But when you step back and look at the Trump campaign itself, interesting to see them denying or defying, I should say, the directive in Nevada, as they hosted an indoor rally there, and really looked over the fact that Nevada doesn't allow more than 50 people to gather indoors right now. They said they chose some outdoor venues that were declined by the governor. But what do you make of that, landing on a manufacturing plant, the president speaking indoor at a rally and the risk-- and the risks tied to that during the pandemic?
AMESH ADALJA: It's another example of this mixed messaging that we've seen from the very beginning of this pandemic, where on the one hand, they're underplaying it, behaving as if we're not in a pandemic. But then, as we heard on the Woodward tapes, talking about the fact that they know that this is severe, that it is worse than influenza. And I think that makes it very hard for the general public to know how to behave.
And we know that indoors, the spread of the virus is enhanced. And we've seen already with political rallies, like the one in Oklahoma, that cases can occur. So this is something that if you can do this outdoors, if you can do social distancing, if you can have a face masking policy, you can make this safer. We know we can't get the risk down to zero.
But I think it is careless to have these types of large gatherings indoors when there are other alternatives available, especially when it is something like a political rally. And it seems more to make a political point than it actually does to try and mitigate the spread of this virus. And I think this, again, is just poor leadership that we've seen from the very beginning of this pandemic from the highest levels of our government.
ZACK GUZMAN: Yeah, I mean, obviously, it's not just the political rallies here, as we were discussing on the show last week, some stadiums allowing fans back in. So there's a lot of measuring to do in these next couple of weeks to see where cases go, particularly where these things were allowed to move forward. But until we get a vaccine, that seems to be the cycle that we're in, is watching the data, looking at where these hotbeds are of new cases.
But on that front, the vaccine front, interesting to see the updates there, as Pfizer's CEO mentioned that it could be possible here for Americans to get those COVID shots before the end of 2020. I'd be curious to get your take on that timeline here as, again, all of these vaccine candidates would need to get FDA or Emergency Use Authorization here before they're rolled out to the public. But what do you think about that timeline to actually get them to those first-line workers before the end of the year?
AMESH ADALJA: I think it's in the realm of possibility, if everything goes perfect in Phase III clinical trials with the Pfizer candidate or some of the other candidates, that we can get a limited Emergency Use Authorization before the end of the year for maybe health care workers, high-risk individuals. It's not going to be as if the general public has access to this vaccine, probably well into 2021. So I do think that we can expect a trickle of vaccines, several hundred thousand doses, maybe, that can cover some of our health care workers who are at highest risk. But this is something that we're going to be fighting for the most part without a vaccine as we get into 2021.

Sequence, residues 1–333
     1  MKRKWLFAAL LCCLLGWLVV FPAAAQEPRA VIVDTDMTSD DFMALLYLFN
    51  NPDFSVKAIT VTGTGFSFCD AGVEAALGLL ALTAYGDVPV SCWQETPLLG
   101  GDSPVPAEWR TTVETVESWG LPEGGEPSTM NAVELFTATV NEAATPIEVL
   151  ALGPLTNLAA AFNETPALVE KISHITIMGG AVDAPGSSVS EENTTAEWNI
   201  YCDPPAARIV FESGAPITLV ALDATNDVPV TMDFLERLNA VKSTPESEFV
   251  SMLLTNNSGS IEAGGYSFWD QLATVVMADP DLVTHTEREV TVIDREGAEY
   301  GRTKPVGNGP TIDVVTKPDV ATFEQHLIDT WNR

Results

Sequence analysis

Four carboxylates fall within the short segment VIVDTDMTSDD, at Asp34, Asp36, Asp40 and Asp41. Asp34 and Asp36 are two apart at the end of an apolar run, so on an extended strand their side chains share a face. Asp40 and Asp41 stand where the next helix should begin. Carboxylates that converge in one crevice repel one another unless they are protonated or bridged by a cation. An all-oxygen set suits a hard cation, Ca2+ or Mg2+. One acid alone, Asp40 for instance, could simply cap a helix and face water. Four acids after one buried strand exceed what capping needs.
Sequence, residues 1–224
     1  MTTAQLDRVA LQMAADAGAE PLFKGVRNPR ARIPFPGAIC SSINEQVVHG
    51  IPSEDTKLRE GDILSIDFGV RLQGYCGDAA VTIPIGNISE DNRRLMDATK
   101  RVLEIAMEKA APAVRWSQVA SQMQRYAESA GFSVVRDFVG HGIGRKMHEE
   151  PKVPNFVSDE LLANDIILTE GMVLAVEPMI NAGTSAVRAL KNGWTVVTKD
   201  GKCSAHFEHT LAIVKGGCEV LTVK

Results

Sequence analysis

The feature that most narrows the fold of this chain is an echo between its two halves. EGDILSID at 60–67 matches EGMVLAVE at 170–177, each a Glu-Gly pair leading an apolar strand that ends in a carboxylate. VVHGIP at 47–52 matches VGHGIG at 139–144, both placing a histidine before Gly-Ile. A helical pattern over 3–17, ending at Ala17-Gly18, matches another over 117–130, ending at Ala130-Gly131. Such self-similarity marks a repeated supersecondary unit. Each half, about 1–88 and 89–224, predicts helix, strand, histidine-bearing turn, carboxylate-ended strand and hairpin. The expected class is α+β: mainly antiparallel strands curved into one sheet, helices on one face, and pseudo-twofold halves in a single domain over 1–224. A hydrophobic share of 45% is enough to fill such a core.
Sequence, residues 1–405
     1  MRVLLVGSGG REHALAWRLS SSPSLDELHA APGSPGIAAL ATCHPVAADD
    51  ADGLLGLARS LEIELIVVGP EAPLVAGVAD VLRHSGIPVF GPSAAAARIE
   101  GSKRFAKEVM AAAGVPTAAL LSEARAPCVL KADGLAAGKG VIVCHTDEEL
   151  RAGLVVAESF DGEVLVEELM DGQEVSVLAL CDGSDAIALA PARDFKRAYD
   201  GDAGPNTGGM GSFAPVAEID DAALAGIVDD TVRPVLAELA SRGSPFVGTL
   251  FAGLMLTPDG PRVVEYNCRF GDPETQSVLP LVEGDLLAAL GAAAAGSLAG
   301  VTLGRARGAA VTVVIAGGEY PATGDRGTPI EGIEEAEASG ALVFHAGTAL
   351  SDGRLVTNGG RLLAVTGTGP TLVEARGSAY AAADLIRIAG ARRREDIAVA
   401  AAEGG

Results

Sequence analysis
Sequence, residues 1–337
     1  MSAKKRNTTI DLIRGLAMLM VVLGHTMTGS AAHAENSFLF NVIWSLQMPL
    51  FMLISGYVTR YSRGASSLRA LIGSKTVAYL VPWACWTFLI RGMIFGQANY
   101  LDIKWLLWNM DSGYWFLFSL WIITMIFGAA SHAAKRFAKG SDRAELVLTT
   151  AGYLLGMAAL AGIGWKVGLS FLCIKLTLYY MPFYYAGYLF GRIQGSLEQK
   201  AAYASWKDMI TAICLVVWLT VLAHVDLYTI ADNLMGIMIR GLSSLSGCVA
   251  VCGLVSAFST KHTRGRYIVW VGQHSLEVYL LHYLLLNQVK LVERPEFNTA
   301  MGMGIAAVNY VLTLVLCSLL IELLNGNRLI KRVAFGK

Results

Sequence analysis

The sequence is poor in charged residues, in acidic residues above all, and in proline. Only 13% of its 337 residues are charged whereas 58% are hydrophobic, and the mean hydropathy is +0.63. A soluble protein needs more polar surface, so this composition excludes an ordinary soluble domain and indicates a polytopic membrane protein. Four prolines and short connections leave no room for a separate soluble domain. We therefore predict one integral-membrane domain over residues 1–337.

ZACK GUZMAN: Yeah, and beyond just those big CEOs, I mean, they're working with other companies here to really roll those out. And that becomes the next question, is how many-- how much manufacturing capabilities here can feed these vaccines to get them out across the world. The "Financial Times" recently spoke with the CEO of the world's largest vaccine manufacturer based in India.
And he laid out the timeline, that it wouldn't take until about-- it would take until about the end of 2024 to have all of the vaccines needed to get out there across the world. It's going to be until 2024. So, I mean, when you think about that, how long stretched would the vaccine rollout be in getting it into the hands of all those people out there that actually need it and you can reach the herd mentality that needs to be achieved?
AMESH ADALJA: We know it's going to be a big challenge, especially in resource-poor countries. We still have problems getting measles vaccine into people's arms or polio vaccine into people's mouths when you think about the world as a whole. So I do think we are going to be rolling out this vaccine program, if you think about it globally, for several years. I think in the United States, hopefully by the end of 2021, we have enough of the herd-- enough people vaccinated to cross the herd immunity threshold.
But vaccine delivery is a very complicated matter. And some of these vaccines, they require two doses and they require extreme cold storage, like minus 70 degrees centigrade. That's very hard to do when you're thinking about places where they don't have electricity that's standard. So this is going to be one of the most daunting vaccination programs that we've ever had, probably in history.